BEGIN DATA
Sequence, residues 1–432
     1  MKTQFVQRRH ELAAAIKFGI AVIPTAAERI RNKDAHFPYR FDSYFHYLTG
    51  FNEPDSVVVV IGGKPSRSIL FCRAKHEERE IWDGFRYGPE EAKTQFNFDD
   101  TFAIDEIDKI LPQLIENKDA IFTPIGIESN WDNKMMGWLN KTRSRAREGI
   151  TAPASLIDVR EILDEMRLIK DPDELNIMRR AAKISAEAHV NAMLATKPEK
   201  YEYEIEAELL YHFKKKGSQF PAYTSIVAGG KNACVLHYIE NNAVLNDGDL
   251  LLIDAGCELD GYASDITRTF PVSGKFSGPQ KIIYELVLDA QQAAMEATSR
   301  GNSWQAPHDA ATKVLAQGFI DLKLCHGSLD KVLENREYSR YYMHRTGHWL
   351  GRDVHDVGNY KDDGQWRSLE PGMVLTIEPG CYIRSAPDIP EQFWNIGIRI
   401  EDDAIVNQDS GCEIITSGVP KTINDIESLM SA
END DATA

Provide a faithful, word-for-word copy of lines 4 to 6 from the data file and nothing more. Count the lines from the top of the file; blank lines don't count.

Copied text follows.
   101  TFAIDEIDKI LPQLIENKDA IFTPIGIESN WDNKMMGWLN KTRSRAREGI
   151  TAPASLIDVR EILDEMRLIK DPDELNIMRR AAKISAEAHV NAMLATKPEK
   201  YEYEIEAELL YHFKKKGSQF PAYTSIVAGG KNACVLHYIE NNAVLNDGDL